(Host) Comentator Ron Krupp urges gardeners to share their vegetables with people in need.
(Krupp) I had an epiphany while digging carrots in my community garden plot on a cool September morn. I was surrounded by an abundance of fresh vegetables and was taken up by the immensity of the gifts the earth and sun provide.
You could observe this bounty if you were to travel to the Tommy Thompson Community Garden in the Intervale in Burlington. There are 155 garden plots filled with two acres of vegetables, flowers and herbs. You would also see a sign that reads “Plant A Row For the Hungry.” Nearby, under a shaded pole structure, a large plastic crate is filled with summer and winter squash, cucumbers, carrots, beets, peppers and tomatoes. These vegetables are taken twice a week to the local food shelf.
This initiative of providing surplus food to those in need is part of a program called Plant A Row for the Hungry. Launched in 1995 by the Garden Writers of America, its purpose is to feed the hungry by establishing networks in every state and province in North America. Plant A Row takes surplus vegetables and puts them in the hands of local food pantries, soup kitchens and group homes.
Burlington’s Plant A Row program is coordinated in part by Burlington Parks and Recreation. Fresh vegetables are provided to the Chittenden County Emergency Food Shelf, the Ronald McDonald House, and the Lund Family Center. Wanda Hines, the Director of the Chittenden County Food Shelf, told me that the donated fresh produce doesn’t solve the problem of hunger, but it helps. She went on to say that the people who come to the Food Shelf don’t usually have the luxury of fresh produce. Most donations are canned goods or other foods that have a long shelf life. By the way, 35% of those using the food shelf are children.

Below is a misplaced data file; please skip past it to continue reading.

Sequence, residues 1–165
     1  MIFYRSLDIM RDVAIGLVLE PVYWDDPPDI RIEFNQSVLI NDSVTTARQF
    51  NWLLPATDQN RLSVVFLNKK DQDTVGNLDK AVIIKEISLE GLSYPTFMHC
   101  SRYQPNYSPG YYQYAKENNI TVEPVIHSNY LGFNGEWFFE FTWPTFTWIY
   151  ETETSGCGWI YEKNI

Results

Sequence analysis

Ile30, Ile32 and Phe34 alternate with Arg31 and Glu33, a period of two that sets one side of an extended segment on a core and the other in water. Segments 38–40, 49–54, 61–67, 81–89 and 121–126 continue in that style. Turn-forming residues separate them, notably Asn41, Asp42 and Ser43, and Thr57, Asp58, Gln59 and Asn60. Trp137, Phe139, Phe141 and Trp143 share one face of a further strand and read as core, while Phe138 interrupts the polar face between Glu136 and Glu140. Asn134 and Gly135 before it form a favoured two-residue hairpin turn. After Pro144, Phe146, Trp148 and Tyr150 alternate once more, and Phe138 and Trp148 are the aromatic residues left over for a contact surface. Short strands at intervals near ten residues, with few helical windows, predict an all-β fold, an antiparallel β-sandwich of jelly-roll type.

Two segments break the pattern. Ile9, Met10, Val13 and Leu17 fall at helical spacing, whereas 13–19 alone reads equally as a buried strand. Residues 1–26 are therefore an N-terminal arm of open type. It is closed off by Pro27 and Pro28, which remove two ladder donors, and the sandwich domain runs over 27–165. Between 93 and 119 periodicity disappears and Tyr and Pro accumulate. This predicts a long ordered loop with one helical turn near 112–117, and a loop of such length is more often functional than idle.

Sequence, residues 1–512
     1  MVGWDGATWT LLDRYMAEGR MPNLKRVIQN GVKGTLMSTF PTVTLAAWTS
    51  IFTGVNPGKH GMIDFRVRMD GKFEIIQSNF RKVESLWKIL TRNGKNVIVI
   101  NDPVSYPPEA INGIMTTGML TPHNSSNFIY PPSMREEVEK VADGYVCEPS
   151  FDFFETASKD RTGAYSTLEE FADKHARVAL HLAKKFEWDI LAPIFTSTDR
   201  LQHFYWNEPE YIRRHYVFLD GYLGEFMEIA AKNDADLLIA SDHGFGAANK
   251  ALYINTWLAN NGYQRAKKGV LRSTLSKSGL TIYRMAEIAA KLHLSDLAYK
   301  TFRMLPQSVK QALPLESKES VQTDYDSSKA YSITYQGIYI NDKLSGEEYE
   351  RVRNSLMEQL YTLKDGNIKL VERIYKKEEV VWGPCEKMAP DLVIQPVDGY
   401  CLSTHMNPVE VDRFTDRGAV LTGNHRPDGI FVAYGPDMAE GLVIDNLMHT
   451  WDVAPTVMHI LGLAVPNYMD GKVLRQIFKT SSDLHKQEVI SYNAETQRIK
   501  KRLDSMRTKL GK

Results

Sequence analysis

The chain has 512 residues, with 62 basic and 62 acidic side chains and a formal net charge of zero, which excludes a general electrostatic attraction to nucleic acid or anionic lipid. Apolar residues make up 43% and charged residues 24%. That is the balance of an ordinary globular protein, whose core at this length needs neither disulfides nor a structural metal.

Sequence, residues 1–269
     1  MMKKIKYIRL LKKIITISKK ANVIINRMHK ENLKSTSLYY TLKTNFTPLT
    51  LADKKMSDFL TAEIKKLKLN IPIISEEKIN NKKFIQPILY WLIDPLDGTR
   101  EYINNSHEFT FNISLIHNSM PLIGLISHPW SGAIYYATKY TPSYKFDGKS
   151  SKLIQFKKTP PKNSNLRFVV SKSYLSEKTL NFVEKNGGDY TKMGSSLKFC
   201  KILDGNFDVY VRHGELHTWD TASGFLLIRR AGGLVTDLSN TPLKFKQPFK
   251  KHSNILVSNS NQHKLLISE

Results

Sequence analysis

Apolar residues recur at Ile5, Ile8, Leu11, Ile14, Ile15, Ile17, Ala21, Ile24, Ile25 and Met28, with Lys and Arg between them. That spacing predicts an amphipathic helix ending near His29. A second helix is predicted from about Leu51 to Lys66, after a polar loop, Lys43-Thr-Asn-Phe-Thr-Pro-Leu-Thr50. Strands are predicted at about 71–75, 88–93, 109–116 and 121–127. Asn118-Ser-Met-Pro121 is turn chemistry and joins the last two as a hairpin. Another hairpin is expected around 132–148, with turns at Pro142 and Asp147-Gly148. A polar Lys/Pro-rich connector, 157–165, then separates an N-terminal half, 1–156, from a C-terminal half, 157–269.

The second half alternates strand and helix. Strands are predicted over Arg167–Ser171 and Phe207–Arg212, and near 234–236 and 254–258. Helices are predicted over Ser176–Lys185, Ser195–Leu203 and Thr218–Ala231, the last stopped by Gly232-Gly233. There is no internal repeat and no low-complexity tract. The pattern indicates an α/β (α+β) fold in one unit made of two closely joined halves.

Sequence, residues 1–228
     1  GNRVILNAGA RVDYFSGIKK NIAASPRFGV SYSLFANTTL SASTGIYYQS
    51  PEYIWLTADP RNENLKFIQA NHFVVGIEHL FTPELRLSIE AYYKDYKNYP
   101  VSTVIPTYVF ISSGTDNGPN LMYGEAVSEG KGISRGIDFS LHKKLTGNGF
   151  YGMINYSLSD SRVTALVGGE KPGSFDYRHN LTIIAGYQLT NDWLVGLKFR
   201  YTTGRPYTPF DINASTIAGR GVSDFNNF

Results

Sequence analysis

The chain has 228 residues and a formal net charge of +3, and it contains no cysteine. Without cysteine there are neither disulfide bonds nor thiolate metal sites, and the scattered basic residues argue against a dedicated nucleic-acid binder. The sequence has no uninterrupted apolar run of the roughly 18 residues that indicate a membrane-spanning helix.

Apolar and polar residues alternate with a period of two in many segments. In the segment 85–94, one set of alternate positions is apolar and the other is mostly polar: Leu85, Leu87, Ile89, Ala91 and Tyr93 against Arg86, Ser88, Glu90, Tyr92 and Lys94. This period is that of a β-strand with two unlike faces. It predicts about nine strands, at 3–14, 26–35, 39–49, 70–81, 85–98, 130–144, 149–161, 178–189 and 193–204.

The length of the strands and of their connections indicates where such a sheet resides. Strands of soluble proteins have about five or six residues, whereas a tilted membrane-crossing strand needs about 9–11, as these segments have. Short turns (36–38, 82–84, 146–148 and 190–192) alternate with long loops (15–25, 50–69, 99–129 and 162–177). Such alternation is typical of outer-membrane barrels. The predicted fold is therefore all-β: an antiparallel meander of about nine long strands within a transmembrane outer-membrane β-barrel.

Over the years, I’ve noticed that a good many home vegetables go to waste. They wilt and rot because they aren’t picked. Some estimates run as high as 25%. That’s tons of tomatoes, squash, cucumbers, peppers, potatoes and greens. And that’s a real shame because there are people in real need of fresh food. Why grow it if nobody’s going to benefit from it?
Why not start a Plant A Row project next year in your own community? A friend of mine, Ruth Painter of Williston, says her congregation at the Williston Federated Church has been collecting fresh garden produce for the hungry for a number of years.
Few things in life are as satisfying as growing vegetables in your garden, watching them mature and ripen, and sitting down to a home-cooked fresh garden meal. And taking surplus fresh vegetables and placing them in the hands of a community group that serves the needy can only add to your feelings of accomplishment.
For more information on the Plant a Row program, visit the Gardening Writers’ Association online at www.gwaa.org.
This is Ron Krupp, the northern gardener.
Ron Krupp is a gardener and author who lives near Lake Champlain on Shelburne Bay.